DIY Ritual. DIY Joy.
DIY Ritual. DIY Joy.
Raise a Glass: Sanctifying the Wine
Raise a glass. There are many ways to enjoy Shabbat rituals + Friday night dinners, so we asked five OneTable hosts to share their unique practices, challenges, and inspiration. Watch how they sanctify the wine and adapt the ritual to meet their needs.
DIY Ritual: Building on her family traditions from different cultures
DIY Joy: Singing around the Shabbat table
DIY Ritual: Tapping into family traditions and creating her own practice
DIY Joy: Redefining traditions as a new couple
DIY Ritual: Welcoming guests into the mood of Shabbat in different ways
DIY Joy: Bringing Judaism into his home by hosting Shabbat dinners
DIY Ritual: Being more comfortable setting intentions in a personal setting
DIY Joy: Sharing gratitude for the week with those sharing Shabbat
DIY Ritual: Using a gender-inclusive blessing that empowers guests
DIY Joy: Connecting Shabbat dinners with activism
Are you ready to enrich your Friday nights?
Check out these additional resources to create your rituals. As you get ready to bring in Shabbat, share your rituals + reflections on social with @onetableshabbat and use #HowIShabbat.
Sanctifying the Wine at Your Next Shabbat Dinner
Kiddush—the blessing over the wine—formally sanctifies time, using wine to distinguish between every day and the holiness of Shabbat. There are many old and new traditions around the wine. Here are some elements you might consider.
- What: Wine, grape juice, mocktail, or cocktail. A special drink in a special cup (ornate or just set aside for the ritual).
- When: After lighting the candles and before blessing the challah.
- Who: All genders are welcome to bless the wine. Everyone can partake by singing along or saying “Amen” at the end.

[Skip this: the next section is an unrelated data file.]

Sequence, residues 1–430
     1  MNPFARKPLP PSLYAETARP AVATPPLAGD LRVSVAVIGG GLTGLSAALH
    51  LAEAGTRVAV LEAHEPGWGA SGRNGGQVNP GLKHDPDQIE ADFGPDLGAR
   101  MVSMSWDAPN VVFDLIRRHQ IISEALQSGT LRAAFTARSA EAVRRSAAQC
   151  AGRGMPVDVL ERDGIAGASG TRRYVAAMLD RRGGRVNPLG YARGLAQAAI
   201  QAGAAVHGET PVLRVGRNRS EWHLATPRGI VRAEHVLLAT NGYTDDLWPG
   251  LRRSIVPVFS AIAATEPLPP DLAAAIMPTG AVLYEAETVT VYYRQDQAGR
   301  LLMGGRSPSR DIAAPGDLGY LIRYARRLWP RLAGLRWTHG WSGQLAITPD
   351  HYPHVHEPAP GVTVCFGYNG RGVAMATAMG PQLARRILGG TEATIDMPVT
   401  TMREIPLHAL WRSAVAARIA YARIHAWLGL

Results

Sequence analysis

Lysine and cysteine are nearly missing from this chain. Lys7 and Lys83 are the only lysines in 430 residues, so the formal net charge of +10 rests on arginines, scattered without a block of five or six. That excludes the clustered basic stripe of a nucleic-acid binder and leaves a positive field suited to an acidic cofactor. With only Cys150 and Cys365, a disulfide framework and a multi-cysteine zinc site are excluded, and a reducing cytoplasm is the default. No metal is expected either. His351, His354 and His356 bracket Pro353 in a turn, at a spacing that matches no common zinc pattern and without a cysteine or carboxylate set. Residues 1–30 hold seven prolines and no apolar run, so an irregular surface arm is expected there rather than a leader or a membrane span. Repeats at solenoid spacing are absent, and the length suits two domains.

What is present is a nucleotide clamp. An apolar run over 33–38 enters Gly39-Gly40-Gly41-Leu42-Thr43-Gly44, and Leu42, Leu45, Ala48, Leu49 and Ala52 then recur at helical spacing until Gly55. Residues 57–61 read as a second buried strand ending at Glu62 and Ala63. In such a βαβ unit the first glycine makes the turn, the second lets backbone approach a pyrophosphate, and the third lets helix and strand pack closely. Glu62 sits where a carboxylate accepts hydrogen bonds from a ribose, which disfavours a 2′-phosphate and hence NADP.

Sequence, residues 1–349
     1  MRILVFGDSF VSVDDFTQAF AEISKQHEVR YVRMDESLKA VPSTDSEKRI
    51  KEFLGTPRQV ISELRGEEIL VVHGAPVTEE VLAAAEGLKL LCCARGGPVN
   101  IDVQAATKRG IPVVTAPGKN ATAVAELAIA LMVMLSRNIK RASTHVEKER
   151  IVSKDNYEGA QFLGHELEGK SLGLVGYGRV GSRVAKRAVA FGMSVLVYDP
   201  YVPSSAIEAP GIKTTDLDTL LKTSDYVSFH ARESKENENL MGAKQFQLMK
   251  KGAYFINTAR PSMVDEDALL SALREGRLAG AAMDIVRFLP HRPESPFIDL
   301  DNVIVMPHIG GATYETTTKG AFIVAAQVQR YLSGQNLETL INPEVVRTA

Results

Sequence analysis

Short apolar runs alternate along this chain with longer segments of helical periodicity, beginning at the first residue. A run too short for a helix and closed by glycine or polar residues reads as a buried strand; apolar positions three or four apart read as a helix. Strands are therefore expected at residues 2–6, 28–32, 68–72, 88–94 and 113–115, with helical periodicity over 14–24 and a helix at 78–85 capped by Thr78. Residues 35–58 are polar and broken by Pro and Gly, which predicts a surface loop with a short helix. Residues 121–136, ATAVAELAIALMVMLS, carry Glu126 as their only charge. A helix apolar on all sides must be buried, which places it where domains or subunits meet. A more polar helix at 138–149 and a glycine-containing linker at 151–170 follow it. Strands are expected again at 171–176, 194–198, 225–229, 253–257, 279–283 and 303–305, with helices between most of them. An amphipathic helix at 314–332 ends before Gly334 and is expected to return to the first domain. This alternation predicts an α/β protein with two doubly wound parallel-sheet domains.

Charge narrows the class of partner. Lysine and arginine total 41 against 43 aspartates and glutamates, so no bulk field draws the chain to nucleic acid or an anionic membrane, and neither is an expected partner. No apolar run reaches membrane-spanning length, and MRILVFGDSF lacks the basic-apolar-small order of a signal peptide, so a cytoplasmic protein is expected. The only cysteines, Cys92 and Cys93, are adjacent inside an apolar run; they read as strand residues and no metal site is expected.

- How: Pour a glass of wine or grape juice. Allow the kiddush cup to overflow. You may sit or stand, and raise your glass with one hand or two as you say the blessing. After saying the blessing, take a sip of your newly sanctified beverage. If blessing isn’t your thing, no problem. You could also sing a song, read a poem, or offer a short guided meditation.
- Pro Tip: As Kiddush is being recited, consider asking guests to look into their own glasses of wine for the sparks of light twinkling back at them.
In Judaism, wine represents joy. By taking a moment to bless the wine, we acknowledge joy as a value unto itself, not as it serves something else. Through the blessing of the wine (kiddush), one acknowledges two of God’s greatest gifts: creation of the world and the exodus from Egypt.
Kiddush also creates a moment to express gratitude for Shabbat. It is composed of two blessings: to bless the wine and to sanctify the day. It’s not about the wine itself, it’s about what it has the power to do when we raise our glass with intention.
That’s the magic of kiddush, from the Hebrew word for holy — our ability to demarcate time, to say that this Friday night, this Shabbat dinner, this exact moment, which has never occurred before and never will again, is special. Cheers to that!